When I was growing up school didn’t come easily to me. It seemed like my friends were always getting good grades and I was barely scraping by. Being a good athlete and a natural comedian helped me cover, but I knew I had a problem. When I was diagnosed with a learning disability my feelings of being different were confirmed. After high school I enrolled in a community college for a year and with hard work was able to transfer to RIT and join the lacrosse team.
Playing lacrosse took a toll on me physically and mentally and I was plagued by injuries. To make matters worse, halfway through my senior year my finances were almost depleted. I was faced with missing my last year of lacrosse and not graduating. It was extremely stressful, but just days before the semester started I found the financial support I needed. My coach advocated on my behalf and RIT allowed me to register before the funds arrived on campus. I was back on track.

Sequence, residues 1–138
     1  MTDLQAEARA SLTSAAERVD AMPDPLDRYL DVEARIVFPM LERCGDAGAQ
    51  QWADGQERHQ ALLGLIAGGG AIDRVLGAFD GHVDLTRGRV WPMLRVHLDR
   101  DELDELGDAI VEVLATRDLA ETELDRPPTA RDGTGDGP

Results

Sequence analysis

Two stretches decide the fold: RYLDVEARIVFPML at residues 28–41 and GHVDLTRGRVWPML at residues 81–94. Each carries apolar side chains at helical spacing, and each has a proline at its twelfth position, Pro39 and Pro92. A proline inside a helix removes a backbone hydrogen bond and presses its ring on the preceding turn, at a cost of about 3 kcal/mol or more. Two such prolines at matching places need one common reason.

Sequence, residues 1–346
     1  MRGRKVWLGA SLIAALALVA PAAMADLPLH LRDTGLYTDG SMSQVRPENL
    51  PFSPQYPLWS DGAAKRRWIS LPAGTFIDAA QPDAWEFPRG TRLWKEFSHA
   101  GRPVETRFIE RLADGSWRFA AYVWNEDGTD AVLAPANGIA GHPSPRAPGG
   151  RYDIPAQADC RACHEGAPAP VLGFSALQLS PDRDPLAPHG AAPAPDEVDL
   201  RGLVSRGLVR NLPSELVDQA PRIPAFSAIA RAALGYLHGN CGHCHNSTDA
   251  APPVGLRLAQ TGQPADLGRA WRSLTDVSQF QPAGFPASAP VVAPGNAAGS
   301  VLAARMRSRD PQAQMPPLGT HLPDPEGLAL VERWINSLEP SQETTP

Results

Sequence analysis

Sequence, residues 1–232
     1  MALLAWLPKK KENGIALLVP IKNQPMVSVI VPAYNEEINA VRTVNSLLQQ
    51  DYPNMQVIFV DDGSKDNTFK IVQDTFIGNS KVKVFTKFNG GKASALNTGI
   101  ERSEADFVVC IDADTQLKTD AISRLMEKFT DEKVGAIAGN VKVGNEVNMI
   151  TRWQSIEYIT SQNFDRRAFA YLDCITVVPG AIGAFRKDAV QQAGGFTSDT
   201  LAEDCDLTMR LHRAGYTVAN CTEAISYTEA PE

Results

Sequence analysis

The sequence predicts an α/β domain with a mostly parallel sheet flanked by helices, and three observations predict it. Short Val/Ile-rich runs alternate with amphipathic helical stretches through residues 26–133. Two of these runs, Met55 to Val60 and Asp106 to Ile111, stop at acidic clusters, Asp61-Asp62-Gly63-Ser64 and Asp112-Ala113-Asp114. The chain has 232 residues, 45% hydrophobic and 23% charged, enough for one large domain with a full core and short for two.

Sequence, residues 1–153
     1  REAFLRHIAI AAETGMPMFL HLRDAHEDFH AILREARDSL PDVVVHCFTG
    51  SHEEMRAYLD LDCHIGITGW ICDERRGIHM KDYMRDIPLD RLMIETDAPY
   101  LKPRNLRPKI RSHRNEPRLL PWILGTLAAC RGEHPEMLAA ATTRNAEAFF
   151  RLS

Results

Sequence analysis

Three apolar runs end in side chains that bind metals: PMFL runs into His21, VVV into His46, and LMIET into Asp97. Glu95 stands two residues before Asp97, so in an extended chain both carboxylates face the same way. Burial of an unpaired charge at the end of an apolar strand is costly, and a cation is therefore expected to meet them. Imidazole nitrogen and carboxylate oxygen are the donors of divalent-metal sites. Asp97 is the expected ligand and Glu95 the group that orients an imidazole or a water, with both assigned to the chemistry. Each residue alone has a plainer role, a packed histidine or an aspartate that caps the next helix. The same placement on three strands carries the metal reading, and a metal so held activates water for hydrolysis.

I’ve learned that asking for help doesn’t make you any less of a person. There are so many people at RIT willing to help if you just reach out. My teammates and note takers acted as tutors and helped me stay organized. The athletic trainers helped me overcome my injuries, and my coach was always there for me. My path has been difficult but I’m succeeding as a student athlete and on course to graduate.